The Wikipedia article on silver bullets seems less critical about the possible anachronistic identification of a silver bullet in the story of the Beast of Gévaudan, but it offers a more detailed identification of the appearance of a silver bullet in German folklore:
Here is how the crucial excerpt from "The Two Brothers" (in the Margaret Hunt/James Stern translation of The Complete Grimm's Fairy Tales for Pantheon Books) describes the incident:
A couple of details are noteworthy here. First, the silver bullets are in fact silver buttons. Second, though the witch's arts protect her against leaden bullets, silver bullets are not her only weakness; eventually the brothers destroy her by casting her into a fire.
Walter Scott and John Howie
The Brothers Grimm published the first volume of their Nursery and Household Tales in 1812. Christine Ammer, The Facts on File Dictionary of Clichés (2006), reprinted as The [Skyhorse] Dictionary of Clichés (2013) has this interesting entry for silver bullet:
This entry suggests that Scott was first to use "silver bullet" in a way that attributed special (and perhaps magical) powers to silver bullets. Unfortunately, the Ammer reference appears to be erroneous in two significant ways. First, Scott didn't write a book called Lockhart in 1808. Instead, John Lockhart wrote a work called Memoirs of the Life of Sir Walter Scott in 1908, and in the course of volume 2 of those memoirs he reported this excerpt from a letter from Scott to George Ellis:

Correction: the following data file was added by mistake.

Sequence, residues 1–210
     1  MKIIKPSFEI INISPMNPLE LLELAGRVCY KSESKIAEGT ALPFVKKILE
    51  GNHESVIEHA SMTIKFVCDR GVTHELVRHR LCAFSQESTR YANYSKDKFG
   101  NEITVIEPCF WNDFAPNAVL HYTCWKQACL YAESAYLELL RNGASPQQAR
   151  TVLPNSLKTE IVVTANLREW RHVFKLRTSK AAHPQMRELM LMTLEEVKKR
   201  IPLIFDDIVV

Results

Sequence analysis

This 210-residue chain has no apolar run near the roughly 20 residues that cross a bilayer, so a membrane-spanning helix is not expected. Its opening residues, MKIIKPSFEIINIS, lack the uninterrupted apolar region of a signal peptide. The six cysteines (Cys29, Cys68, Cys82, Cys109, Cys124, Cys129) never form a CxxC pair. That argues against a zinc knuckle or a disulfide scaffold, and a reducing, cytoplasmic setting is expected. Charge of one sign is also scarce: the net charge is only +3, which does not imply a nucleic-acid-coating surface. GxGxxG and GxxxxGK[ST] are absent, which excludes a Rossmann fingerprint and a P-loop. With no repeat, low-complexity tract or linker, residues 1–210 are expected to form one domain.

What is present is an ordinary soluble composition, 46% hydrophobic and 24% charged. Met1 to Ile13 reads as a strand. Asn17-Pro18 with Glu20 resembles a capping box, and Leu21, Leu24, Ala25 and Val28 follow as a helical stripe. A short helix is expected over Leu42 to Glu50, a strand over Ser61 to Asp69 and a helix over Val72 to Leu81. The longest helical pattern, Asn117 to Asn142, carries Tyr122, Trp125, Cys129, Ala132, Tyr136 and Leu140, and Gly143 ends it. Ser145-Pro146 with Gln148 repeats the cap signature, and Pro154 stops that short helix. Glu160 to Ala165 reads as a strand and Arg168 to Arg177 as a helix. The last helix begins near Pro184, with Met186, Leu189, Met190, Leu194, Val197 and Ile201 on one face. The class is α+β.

Nevertheless this letter was written by Walter Scott on December 13, 1808, so the notion of silver bullets having special powers against demonic forces evidently existed in Great Britain before the Brothers Grimm published their book of fairy Tales (in German) in 1812. Scott returns to this idea in his novel Old Mortality (1816), describing the Battle of Killiecrankie on July 27, 1689, in which John Graham, 1st Viscount Dundee and 7th Laird of Claverhouse led an army loyal to King James against a Presbyterian Covenanter army that supported William of Orange. As we join the action, the Covenanters have decided that Claverhouse is impervious to lead bullets:
A note attached to an 1831 edition of Old Mortality at this point makes the following note:
The note goes on to cite this comment from John Howie, "The Judgement and Justice of God Exemplified; or, A Brief Historical Account of the Wicked Lives and Miserable Deaths of Some of the Most Remarkable Apostates and Bloody Persecutors in Scotland from the Reformation till after the Revolution," appended to Howie's Biographia Scoticana, third edition (1796):
"The Judgement and Justice of God Exemplified" was also appended to the first (1775) and second (1781) editions of Biographia Scoticana, but I haven't been able to find those earlier editions to see whether they include the quoted language as well. At any rate, the "silver button" comment is certainly recorded no later than 1796.